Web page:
The Blog

We're Not the Soviets in Afghanistan

And 2009 isn't 1979.

2:58 PM, Aug 21, 2009 • By FREDERICK W. KAGAN
Widget tooltip
Single Page Print Larger Text Smaller Text Alerts

One could not have designed a military less well-prepared to deal with such a conflict than the Red Army of 1979. The Soviet military had not fought a war since 1945. Soviet company, battalion, brigade, division, and even army commanders had no experience in combat. The Red Army was a conscript force whose soldiers served for two-year periods. It did not have an NCO corps--in keeping with long Russian tradition, the Red Army relied on junior officers to perform the roles that NCOs perform in Western armies. Soviet conscripts were notoriously brutal, drunk, and unprofessional. Their young officers were not accustomed to worrying about the problems such characteristics would cause in a counter-insurgency because the force was intended solely for conventional operations in Europe.

The Red Army was also an incredibly heavy force. Even its airborne units dropped with armored personnel carriers and light tanks, as did many of its SPETSNAZ (commando) units. Soviet infantry was trained to ride in the back of its vehicles, dismounting only for brief (couple of hundred yards) rushes against dug-in enemy positions. It did no training in dismounted operations and never planned to be separated from its vehicles for more than a couple of hours at a time.

But SPETSNAZ units were not equivalent to our Special Operations Forces. They were meant to be shock troops dropped in the rear of NATO defensive positions to disrupt and confuse. They were not meant to conduct Foreign Internal Defense missions at all, and certainly not in a counter-insurgency role.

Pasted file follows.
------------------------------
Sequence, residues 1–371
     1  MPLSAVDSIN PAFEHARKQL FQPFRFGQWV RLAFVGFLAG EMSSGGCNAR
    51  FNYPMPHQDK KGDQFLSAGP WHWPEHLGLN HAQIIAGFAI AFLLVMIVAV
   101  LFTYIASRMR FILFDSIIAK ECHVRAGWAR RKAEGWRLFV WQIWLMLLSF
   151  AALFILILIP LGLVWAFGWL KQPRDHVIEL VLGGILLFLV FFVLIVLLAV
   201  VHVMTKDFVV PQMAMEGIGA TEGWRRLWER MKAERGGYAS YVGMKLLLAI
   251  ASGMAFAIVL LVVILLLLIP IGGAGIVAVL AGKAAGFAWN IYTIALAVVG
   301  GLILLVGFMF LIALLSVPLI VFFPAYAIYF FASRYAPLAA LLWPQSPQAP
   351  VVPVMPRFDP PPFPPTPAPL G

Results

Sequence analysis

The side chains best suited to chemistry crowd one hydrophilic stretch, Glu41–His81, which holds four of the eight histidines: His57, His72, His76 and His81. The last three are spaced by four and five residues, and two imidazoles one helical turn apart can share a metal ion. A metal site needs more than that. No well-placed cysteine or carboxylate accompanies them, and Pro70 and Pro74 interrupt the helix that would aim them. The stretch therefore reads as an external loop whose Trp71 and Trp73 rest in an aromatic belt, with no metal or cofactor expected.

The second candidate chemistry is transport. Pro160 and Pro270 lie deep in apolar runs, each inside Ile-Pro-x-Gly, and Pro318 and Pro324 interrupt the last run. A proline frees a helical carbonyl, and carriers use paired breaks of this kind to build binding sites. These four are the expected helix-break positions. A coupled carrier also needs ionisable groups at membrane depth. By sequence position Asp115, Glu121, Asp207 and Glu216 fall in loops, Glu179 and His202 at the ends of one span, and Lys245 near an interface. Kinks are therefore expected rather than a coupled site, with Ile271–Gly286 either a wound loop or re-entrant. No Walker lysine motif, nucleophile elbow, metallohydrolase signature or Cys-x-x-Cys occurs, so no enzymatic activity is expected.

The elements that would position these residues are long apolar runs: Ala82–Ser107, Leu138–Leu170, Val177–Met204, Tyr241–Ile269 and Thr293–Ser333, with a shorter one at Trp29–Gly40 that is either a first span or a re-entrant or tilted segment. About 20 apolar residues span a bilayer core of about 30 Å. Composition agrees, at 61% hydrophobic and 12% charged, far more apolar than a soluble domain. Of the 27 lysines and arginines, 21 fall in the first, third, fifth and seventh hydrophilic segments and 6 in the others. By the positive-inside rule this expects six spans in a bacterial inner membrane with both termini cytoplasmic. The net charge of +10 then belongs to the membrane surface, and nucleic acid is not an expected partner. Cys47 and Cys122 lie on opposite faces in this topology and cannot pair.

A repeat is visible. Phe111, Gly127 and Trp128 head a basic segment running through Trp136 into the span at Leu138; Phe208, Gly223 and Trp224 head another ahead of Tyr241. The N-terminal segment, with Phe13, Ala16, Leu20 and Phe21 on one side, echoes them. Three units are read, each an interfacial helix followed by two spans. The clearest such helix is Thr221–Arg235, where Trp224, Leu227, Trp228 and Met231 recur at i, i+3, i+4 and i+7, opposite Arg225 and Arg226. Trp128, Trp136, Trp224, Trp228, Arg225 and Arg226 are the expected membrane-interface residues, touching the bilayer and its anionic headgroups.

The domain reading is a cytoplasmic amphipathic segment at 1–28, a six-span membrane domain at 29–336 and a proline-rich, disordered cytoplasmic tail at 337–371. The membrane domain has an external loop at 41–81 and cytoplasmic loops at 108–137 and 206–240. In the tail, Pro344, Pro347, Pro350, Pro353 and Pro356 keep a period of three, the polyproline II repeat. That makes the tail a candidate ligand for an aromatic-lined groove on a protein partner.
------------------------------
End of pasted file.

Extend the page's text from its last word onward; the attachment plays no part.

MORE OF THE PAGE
The Soviet military was self-consciously a pro-revolutionary force because the Soviet Union was ideologically a revolutionary state. There was no Soviet doctrine for counter-insurgency because Soviet ideology could not foresee the USSR fighting against a revolution. To the extent that Soviet forces thought about intervention in internal conflicts, they thought about helping Marxist revolutionaries overthrow US-backed dictators. They knew virtually nothing about setting up indigenous armies or training indigenous forces. Apart from brief interventions in Czechoslovakia, Hungary, and East Germany (all executed as massive and brief mechanized operations), the Red Army had not faced an insurgency since the Basmachi Rebellion of the 1920s.

Soviet doctrine called for moving from the inter-German border to the English Channel in 30 days. Artillery and air support were intended to destroy relatively large dug-in defensive positions in pre-planned strikes. The USSR had no precision munitions and no doctrine for conducting precision strikes. The conscript nature of the force, among other things, militated against any such efforts and the Soviet concept of military operations did not require them.

Even Soviet helicopters were ill-designed for operations in Afghanistan. The primary transport helicopter--NATO designation, Hip--was a massive troop transport highly vulnerable to SAFIRE and MANPADS. The main attack helicopter--NATO designation, Hind--was designed to blast NATO defensive positions with overwhelming fire, not to go after individual insurgents or small groups on the move.

The entire structure of the Soviet military rested on the assumption that superior planning and execution at the operational level of war (corps and above for the Soviets) would overcome known weaknesses at the tactical and sub-tactical level. The Red Army had recognized the limitations of its soldiers since the 1920s. It addressed them by requiring operational-level headquarters to design missions that would be relatively easy at the tactical and sub-tactical levels. The Red Army had no way to address its tactical deficiencies when it proved impossible to compensate for them at higher echelons.

By the mid-1980s it had become apparent that the Limited Contingent of Soviet Forces in Afghanistan, as it was called, would not be leaving any time soon. The Soviets thereupon tried a number of approaches to bring the war to a close. Increasing frustration led to increased brutality, including a deliberate campaign to de-house the rural population (forcing the people to concentrate in cities that the Soviets believed they could more easily secure) that ultimately produced 3-5 million refugees. The Soviets also used chemical weapons, mines, and devices intended to cripple and maim civilians. In other words, the Limited Contingent conducted a massive terror campaign against the Afghan populace.